Whisky Magazine Issue 27
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Bunnahabhain is the foil to Islay's claymore, finds Ian Buxton
I once threw my dinner in the sea at Bunnahabhain. Staying at the distillery, I befriended some local fishermen and swapped the contents of their creel (two fine edible crabs) for luxury shortbread.
All went well until the procedure for preparing the delicacy was explained to my children, then four and five. Fervent protests rent the air. Any parent knows the end of this story – yes, the crabs were returned, bemused but unharmed, to the Sound of Islay and I went hungry.
I've always retained a fondness for this little-known Islay distillery and swore one day to return, and that time had come. First, the facts. Bunnahabhain – pronounced ‘bu-na-ha-venn'. Location – north-east Islay, opposite the poetically named Paps of Jura. Established 1881. Owners Highland Distillers. Manager John MacLellan. Capacity approximately 2.4m litres per annum, from two pairs of stills. Expressions – 12-year-old and limited distillery-bottled vintages.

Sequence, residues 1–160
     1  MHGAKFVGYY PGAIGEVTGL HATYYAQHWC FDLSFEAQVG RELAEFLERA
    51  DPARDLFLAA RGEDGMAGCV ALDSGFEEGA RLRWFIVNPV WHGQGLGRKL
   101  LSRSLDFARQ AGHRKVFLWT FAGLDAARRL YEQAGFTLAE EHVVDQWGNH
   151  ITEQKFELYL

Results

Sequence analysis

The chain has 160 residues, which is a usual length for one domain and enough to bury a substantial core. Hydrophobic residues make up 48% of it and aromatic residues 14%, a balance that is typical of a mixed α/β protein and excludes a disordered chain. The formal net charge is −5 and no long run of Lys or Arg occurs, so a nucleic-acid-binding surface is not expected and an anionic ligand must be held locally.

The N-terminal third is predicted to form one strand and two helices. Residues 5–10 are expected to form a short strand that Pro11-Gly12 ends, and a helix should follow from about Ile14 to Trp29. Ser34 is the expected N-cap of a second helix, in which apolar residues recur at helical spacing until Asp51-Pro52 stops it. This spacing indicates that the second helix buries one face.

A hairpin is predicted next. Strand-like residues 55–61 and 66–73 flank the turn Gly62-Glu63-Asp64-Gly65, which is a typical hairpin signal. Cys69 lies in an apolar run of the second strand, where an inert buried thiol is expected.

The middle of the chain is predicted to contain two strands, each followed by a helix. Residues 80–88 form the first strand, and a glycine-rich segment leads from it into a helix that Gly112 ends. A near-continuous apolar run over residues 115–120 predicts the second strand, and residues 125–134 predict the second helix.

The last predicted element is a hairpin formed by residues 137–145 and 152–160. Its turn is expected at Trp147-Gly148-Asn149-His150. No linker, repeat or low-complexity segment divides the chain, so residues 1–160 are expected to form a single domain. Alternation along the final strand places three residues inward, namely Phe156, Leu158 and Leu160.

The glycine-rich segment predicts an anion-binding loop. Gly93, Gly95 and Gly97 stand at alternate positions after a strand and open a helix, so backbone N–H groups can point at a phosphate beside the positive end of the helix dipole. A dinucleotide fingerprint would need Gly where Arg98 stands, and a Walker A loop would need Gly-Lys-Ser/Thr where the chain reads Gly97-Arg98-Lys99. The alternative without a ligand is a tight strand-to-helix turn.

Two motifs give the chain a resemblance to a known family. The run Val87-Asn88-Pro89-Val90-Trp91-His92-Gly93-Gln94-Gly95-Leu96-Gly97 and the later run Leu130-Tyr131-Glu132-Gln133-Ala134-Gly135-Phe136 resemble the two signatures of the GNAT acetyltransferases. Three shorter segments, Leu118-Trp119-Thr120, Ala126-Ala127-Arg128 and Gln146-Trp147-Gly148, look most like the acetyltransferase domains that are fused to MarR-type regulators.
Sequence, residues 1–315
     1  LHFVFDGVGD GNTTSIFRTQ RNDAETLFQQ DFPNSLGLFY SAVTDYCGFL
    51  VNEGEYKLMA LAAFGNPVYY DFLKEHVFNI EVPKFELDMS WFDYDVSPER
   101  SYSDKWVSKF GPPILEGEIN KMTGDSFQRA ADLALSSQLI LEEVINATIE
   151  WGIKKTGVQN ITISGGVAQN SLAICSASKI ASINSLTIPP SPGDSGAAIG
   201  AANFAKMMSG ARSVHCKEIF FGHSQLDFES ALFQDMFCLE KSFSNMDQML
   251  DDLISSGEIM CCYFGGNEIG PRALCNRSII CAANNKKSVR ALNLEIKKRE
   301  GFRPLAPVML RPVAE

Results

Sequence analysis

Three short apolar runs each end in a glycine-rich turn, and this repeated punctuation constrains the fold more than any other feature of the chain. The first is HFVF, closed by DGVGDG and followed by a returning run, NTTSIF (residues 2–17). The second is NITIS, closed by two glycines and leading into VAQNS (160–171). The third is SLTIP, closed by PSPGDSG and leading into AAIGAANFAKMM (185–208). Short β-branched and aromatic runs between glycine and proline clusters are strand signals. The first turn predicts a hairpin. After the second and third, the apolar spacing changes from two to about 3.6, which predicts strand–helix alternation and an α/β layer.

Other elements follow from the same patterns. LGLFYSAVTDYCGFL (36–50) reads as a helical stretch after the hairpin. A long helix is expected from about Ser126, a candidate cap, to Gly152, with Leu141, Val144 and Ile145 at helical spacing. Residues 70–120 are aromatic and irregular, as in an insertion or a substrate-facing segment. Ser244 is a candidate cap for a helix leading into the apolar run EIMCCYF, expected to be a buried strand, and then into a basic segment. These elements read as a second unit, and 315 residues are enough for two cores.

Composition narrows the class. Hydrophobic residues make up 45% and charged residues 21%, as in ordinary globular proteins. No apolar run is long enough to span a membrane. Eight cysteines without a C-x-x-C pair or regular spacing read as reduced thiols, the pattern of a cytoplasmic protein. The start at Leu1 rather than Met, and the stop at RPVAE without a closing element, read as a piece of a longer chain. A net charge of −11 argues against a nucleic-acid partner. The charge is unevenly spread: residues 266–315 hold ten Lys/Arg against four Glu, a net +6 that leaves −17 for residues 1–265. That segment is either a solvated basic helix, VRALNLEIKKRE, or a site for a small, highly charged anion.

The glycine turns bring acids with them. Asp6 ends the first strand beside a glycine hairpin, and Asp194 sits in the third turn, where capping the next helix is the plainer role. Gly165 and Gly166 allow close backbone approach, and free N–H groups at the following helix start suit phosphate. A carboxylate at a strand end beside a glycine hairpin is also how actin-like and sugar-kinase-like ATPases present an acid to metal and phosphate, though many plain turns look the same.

What that bald narrative can't convey is a sense of place. You have to understand that Bunnahabhain only exists because of the distillery. There is nothing else here, and it is literally the end of the road.
I was told that Bunnahabhain means ‘mouth of the river' in Gaelic and, indeed, the River Margadale runs to the bay just north of the distillery. But it really should mean ‘exceptionally quiet place, even by the standards of very, very quiet places'. Just listen: that gentle chattering is the swell of the tide over the pebble beac...